Motor Trend puts together the latest comparison from the ongoing muscle car war with Chevrolet’s awesome new 1LE handling package for the Camaro SS and Ford’s Track Package for the Mustang GT. The $3500 1LE Package uses huge 10 and 11 inch wide wheels, custom tuned mono-tube shocks, bigger anti-roll bars, a 3.91:1 final drive and some minor driveline enforcement to fix the stock Camaro’s handling problems for track use. Ford’s $1500 GT Track Package includes the anti-sway bars from the GT500, retuned shocks and springs, 19″ wheels with Pirelli summer tires, Performance Friction brake pads, recalibrated ABS and traction control and a shorter (numerically larger) 3.73:1 final drive with carbon fiber clutch plates. The guys put the two cars against each other at the drag strip and then around the Horse Thief Mile at Willow Springs with Randy Pobst behind the wheel.
I’m posting this video from Jay Leno’s Garage as a counter-point to Motor Trend’s review of the awesome Chevrolet Camaro SS 1LE from this morning. Jay gets to go over the finer details of what all was changed on the Boss 302 Laguna Seca edition with the Mustang head engineer Dave Pericak. As I mentioned in the 1LE video, I really enjoy the fact that GM and Ford took the time to give real suspension tuning and chassis balance to their core muscle cars. Keep the naturally aspirated engine response, cram as huge of a wheel and tire package as you can under the fenders and change the spring and damper rates so the cars have some agility. The term muscle car doesn’t have to mean settling for handling compromises for straight line speed. The 1LE and the Boss 302 are proof.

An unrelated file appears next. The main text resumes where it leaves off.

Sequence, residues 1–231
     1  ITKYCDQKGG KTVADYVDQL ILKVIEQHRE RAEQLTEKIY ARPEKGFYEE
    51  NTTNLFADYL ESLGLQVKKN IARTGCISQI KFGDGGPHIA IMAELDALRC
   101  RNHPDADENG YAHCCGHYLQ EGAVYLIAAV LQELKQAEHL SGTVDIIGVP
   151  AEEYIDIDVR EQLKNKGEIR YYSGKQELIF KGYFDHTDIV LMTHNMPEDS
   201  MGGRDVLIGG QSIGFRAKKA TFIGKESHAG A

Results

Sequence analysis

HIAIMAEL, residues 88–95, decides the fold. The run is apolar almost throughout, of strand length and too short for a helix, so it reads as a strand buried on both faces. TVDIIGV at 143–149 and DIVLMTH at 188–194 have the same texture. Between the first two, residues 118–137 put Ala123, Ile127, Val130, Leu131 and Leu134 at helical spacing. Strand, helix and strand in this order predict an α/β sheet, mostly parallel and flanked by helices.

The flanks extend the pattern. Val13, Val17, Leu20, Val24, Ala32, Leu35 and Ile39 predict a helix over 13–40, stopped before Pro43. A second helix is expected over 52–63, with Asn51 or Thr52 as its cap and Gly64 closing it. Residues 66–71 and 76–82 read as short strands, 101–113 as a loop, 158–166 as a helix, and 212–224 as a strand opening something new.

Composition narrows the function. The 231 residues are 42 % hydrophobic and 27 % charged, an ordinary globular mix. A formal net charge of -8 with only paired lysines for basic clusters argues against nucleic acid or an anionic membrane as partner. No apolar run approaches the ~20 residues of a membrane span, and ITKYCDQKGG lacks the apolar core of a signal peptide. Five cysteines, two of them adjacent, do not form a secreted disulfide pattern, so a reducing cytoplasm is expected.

This is the story of one of the cars featured at SEMA this year. It’s a 1969 Ford Mustang built by Bodie Stroud. The car is probably the most extreme definition of a resto-mod. Stroud cut out the Mustang’s unibody frame for a separate air-spring chassis. Under the hood is an ultra-rare aluminum 494 cubic inch V8 that Ford originally built for Mario Andretti’s Can-Am car in 1969. Only 10 of these engines were ever built and they never saw competition because they made too much power for the Can-Am cars at 777 horsepower. The rest of the body was modified to look somewhat like the funny car drag racers of the same era.
The guys at Hot Rod Magazine get their hands on the Shelby GT500 and Camaro ZL1 press cars after they’ve made their rounds getting formal reviews by British guys here and here. Instead of doing the same thing again, they just have fun with the cars testing their burnout abilities, exhaust notes, cup holders vs. bang shifting and drag racing.